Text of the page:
“I”m pretty proud to be associated with the whole venture,” Szedelyi said with a smile. “What’s not to like?”

When asked what other organizations she’s involved with, Szedelyi has to check her Blackberry to remember them all.

She’s the current president of the Valley View Hospital Auxiliary and has been on the board for the past 12 years.

“Our mission is to assist the hospital with patient and family comfort,” Szedelyi said. “We do fundraising for education, like our annual raffle and pies at Strawberry Days and we have a nursing scholarship.”

The auxiliary has about 300 volunteers and youth volunteers, which greatly benefit the hospital.

“It’s a great group of people,” Szedelyi said. “It feels good to be there.”

Szedelyi is also on the board of a new hospice program for patients between Aspen and Rifle called “Hospice of the Valley” which expects to begin taking patients in November. The new hospice, an independent hospice organization formed by Aspen Valley Medical Association, Aspen Valley Hospital and Valley View Hospital, replaces Valley View Hospital’s Roaring Fork Hospice Program, which closed in June.

“Our goal is to educate people in not giving up and embracing the last stage of life,” she said.

Szedelyi is a consultant for Executive Services Corporation, a non-profit group where professional people donate their time to assist non-profit organizations in a variety of different areas.

“We might help them with a marketing plan or on legal matters,” she said. “For a minimal charge, ESC does an assessment to see how they might help.”

Along with her volunteer activities, Szedelyi has an office at her home in West Glenwood and does freelance marketing, advertising and graphic design.

It’s hard to believe she might have any spare time, but when she does, Szedelyi loves to read, spend time with her family and friends and is trying to learn Spanish.

“I’m in a group called ‘Poco Loco’ that meets every Tuesday at Summit Canyon Mountaineering. We’ve been meeting for eight years,” she said with a laugh.

She also likes to take classes at Colorado Mountain College and loves going to the movies.

And although she doesn’t horseback ride anymore as she did for 25 years, she does admit to attempting to hit a golf ball now and then.

“But I only play when I have to,” she smiled.

Originally from Minnesota, Szedelyi moved out to the valley in 1993 with her husband. And with all that she gives to our communities, thank goodness she did.

Although she doesn’t see it that way.

“I wouldn’t do it if it didn’t scream at my heart,” she said earnestly. “We’re not here just for ourselves. Actually, (volunteering) is downright selfish because it makes you feel so good.”

” By Heidi Rice

RIFLE ” Sandy Sekeres and her dog “Rifle” are committed to helping both people and pets in their community.

Both volunteer at the hospital, schools and the library and both help out at the Valley Veterinary Clinic on West Avenue in Rifle.

Sekeres, of Rifle, is a retired physical education and health teacher from Northern Arizona University where she worked for 33 years. She and her husband, Dave, moved here from Flagstaff five and a half years ago.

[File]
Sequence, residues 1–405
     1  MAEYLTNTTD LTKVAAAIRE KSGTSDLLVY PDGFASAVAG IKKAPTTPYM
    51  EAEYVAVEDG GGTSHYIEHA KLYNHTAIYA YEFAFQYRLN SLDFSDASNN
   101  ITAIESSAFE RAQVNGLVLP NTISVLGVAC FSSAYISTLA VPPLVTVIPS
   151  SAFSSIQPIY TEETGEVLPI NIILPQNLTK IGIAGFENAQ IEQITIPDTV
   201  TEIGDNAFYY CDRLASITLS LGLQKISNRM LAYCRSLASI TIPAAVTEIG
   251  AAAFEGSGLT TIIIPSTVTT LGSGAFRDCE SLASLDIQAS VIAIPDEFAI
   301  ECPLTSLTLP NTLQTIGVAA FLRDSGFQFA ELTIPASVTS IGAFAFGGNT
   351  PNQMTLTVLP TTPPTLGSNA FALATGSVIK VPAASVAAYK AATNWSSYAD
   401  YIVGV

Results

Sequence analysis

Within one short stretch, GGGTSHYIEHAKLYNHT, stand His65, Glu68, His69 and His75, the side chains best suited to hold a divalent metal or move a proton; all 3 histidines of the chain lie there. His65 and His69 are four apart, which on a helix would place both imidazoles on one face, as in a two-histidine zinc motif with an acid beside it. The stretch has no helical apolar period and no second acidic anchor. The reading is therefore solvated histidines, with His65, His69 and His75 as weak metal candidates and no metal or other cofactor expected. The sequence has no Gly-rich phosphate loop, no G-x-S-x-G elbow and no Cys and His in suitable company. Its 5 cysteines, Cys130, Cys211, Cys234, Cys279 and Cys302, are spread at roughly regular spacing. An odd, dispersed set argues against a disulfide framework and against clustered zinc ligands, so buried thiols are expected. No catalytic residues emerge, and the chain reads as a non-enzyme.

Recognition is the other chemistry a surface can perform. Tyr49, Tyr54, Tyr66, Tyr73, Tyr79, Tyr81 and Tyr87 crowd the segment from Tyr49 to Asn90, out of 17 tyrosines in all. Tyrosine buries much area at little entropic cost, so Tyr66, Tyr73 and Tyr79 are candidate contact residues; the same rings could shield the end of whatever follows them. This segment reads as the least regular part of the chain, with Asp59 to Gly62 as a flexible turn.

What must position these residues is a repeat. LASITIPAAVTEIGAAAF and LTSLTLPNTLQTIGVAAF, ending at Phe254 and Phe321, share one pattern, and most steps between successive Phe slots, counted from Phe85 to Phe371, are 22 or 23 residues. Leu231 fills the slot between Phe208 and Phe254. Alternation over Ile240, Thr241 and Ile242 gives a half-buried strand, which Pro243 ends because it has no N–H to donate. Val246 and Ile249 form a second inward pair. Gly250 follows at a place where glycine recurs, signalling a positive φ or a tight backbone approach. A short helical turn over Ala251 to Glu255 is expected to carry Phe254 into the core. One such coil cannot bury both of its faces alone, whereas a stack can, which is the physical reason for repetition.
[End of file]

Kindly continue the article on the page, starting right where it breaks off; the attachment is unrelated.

Although retired, Sekeres is still active in the community and as a life-long pet lover, works as a receptionist at the Valley Veterinary Clinic, owned by Dr. Rebecca Lemmon.

Along with volunteering at the Rifle Branch Library and the Division of Wildlife, she knits shawls for patients at Grand River Hospital and devotes some time at the Roaring Fork Hospice in Glenwood Springs.

Rifle, her two and a half-year-old Golden Retriever whom she’s had since he was eight weeks old, also contributes to the community.

He didn’t qualify as a working service dog, but he does make an excellent therapy dog, where his job is to make people happy, which he does. Rifle visits schools, hospitals, nursing homes, libraries and assisted living homes where he gives and receives love.

Sekeres recalls a visit to the Rifle Branch Library’s “Paws 2 Read” program in which the children read outloud to dogs.

“One little kid couldn’t read except in Spanish,” Sekeres said. “But I told him Rifle could understand Spanish. It was less threatening.”

For people in the hospital, studies have shown that petting a dog lowers both a person’s and a pet’s blood pressure, Sekeres said.

And while Sekeres is helping people and pets at the Valley Veterinary Clinic, Rifle is also helping people and pets at the clinic.

He recently saved another dog’s life by giving a blood transfusion.

“There was a really sick dog in here and he wasn’t going to make it,” Sekeres said. “With his blood count, he wasn’t expected to live to the next day.”

Dr. Jane Rubio, a veterinarian at the clinic, did the blood transfusion between the two dogs.

“It’s not common, but it’s something you do see,” Rubio said. “Not everyone wants to go that far. Dogs usually need (transfusions) when they have a bleeding disorder.”

A first transfusion between two dogs doesn’t have to be a blood match like it does with humans ” but if a subsequent transfusion is needed, it does.

“The first time, they can have any donor, but after that, we have to cross-match,” Rubio said.

The transfusion is given by using a large needle and a catheter to take blood from the donor dog, which is extracted from the jugular vein.

“It’s not risk-free, because there could be infection,” Rubio said.

Rifle was used because Sekeres happened to be at the clinic that day and he was big enough to handle the transfusion.

“I was going to use one of my dogs, but her dog was bigger,” Rubio said.

So far, the dog recipient is doing well since the transfusion.

And it’s just another way that Sekeres and Rifle are helping out in the community.

Sekeres got into therapy and service dogs about 15 years ago after attending a dog show.

“I saw a dog at the show and I said, I want to do that,” she says with a laugh. “My friend and I both had puppies and we decided this would help someone else.”

And who can resist a big ol’ loving dog in their lap?

“Rifle just loves getting lovin’ ” he just flops down on their laps,” Sekeres said. “And the old folks get so excited to see him. Although some of them cry because it brings back memories (of former pets) for them.”

Rifle and Sandy are part of six therapy dog/owner teams in the area who visit a number of places locally.

And their basic job is to spread love.

“It’s really just about being a good dog,” Sekeres said. “They have to love to be loved ” that’s their job.”

With a lot of help from their owners.

” By Heidi Rice